I talked with Rick McIntye, and he had a lot of news I hadn’t heard.
Here it is in no particular order:
1. The Leopold Pack split-off, formerly called the “536 group,” has been named the Oxbow Creek Pack. Some folks may remember the Geode Creek Pack, eventually scattered by the Leopolds. Oxbow Creek is in the same area. This pack has 4 adults, and 9 of their 10 pups have survived.
2. The Leopold Pack is as usual on the Blacktail Deer Plateau or near vicinity. The most recent visual count was 18 wolves!
3. The Hellroaring Pack is seen off and on when they are not way down in the Black Canyon of the Yellowstone or north of the Park. They have 5 adults and 4 pups. Two adults dispersed during the summer.
4. The Slough Creek Pack remains together with 8 adult wolves, all them female except 490M, the alpha male. Two other Sloughs, informally called “the gray female” and “left tail” (a male) haven’t been seen since the events of last May. They seem to have taken off somewhere together. Given no radio collars, they are essentially untrackable.
To clear up what is apparently a common misperception, the “Unknown Pack” of last May probably did not kill any of the Slough Creek pups. What is more likely is that the pups (whose remains were never found) died for lack of hydration or food during the seiged conflict between the denned Sloughs and the “Unknowns” who had occupied their den area. The dead pups were then either consumed by the Slough females or, more likely, removed by them and buried.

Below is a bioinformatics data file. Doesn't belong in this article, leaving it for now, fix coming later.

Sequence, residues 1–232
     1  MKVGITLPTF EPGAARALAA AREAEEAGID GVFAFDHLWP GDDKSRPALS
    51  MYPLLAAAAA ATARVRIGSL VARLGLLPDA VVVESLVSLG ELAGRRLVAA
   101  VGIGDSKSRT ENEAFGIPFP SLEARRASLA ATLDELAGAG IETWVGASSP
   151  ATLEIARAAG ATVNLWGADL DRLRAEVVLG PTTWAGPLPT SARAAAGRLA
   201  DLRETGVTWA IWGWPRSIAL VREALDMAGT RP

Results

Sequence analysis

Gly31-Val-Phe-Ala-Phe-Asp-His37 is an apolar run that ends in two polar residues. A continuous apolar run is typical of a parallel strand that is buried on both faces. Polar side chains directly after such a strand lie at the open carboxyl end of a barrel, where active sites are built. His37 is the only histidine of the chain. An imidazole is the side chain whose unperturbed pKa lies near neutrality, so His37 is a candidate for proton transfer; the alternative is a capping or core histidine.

The Unknowns are not really gone, although they disappeared from the Park in late May/early June. In fact recently, 9 of the Unknowns and the 8 Sloughs had a howling bout in Slough Creek. It is highly likely the Unknowns moved back into the headwaters of Slough Creek, from whence they came, and spent the summer there. Although there are a number of possibilities, I think the Unknowns are really the old Rose Creek Pack or some pack derived from them. Others think this is likely. I wonder if the Unknowns will come down Slough Creek this winter in search of more prey than in the drainages’ upper reaches north of the Park.
The Sloughs also recently had perhaps their first encounter with the greatly enlarged Druid Pack. As if they were being chased, the Sloughs were seen to come running down out of the Lamar Canyon upstream from Lamar Valley. They stopped running at the “Chalcedony rendezvous site” (a site established and used for years by the Druid Pack). At Chalcedony the Sloughs did a lot of upset howling. The Druids were not seen, however.
5. At times the Druid Pack has come down to the “Hitching Post” area, footbridge, the base of Mt. Norris, etc. There are indeed 15 of them — 4 adults and all eleven pups. The pups now appear to be almost as big as the adults, especially from a distance. I am curious as to whether the Sloughs simply saw how many there were and ran, or whether there was a test.
I am curious how the eight seasoned Sloughs would do in real test between 4 seasoned Druids and their 11 big, but wobbly pups. Of course, that’s not how things always work. After all, the Unknowns occupied the Slough den area while the Slough females were in their dens and the rest of the Sloughs off hunting or whatever, effectively splitting the pack.
The Druids will probably come down for the winter for good soon because the elk are coming down out of the snowy mountains into the Lamar and Soda Butte Valleys.
6. The Agate Creek Pack thrives. They have 7 adults and 6 pups, with old 113M still the alpha male. At 9 1/2 years he is tied for the oldest wolf the Park (tied with 193M, alpha male of Mollies Pack). The Agates and the Sloughs have so far had at least one confrontation, and the Sloughs ran, although the entire day might have been more complicated than that. The Agates are mostly seen in the Tower Junction to Elk Creek area, a place all wolf watchers are familiar with.